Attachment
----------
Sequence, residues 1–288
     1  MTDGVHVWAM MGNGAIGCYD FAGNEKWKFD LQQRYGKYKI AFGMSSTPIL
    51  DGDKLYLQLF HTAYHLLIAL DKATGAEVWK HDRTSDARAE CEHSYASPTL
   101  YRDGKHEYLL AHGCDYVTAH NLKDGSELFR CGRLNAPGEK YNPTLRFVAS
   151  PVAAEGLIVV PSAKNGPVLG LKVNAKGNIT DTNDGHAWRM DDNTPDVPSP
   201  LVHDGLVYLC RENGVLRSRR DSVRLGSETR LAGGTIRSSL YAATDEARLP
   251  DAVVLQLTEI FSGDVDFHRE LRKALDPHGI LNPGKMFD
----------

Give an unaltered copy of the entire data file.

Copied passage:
Sequence, residues 1–288
     1  MTDGVHVWAM MGNGAIGCYD FAGNEKWKFD LQQRYGKYKI AFGMSSTPIL
    51  DGDKLYLQLF HTAYHLLIAL DKATGAEVWK HDRTSDARAE CEHSYASPTL
   101  YRDGKHEYLL AHGCDYVTAH NLKDGSELFR CGRLNAPGEK YNPTLRFVAS
   151  PVAAEGLIVV PSAKNGPVLG LKVNAKGNIT DTNDGHAWRM DDNTPDVPSP
   201  LVHDGLVYLC RENGVLRSRR DSVRLGSETR LAGGTIRSSL YAATDEARLP
   251  DAVVLQLTEI FSGDVDFHRE LRKALDPHGI LNPGKMFD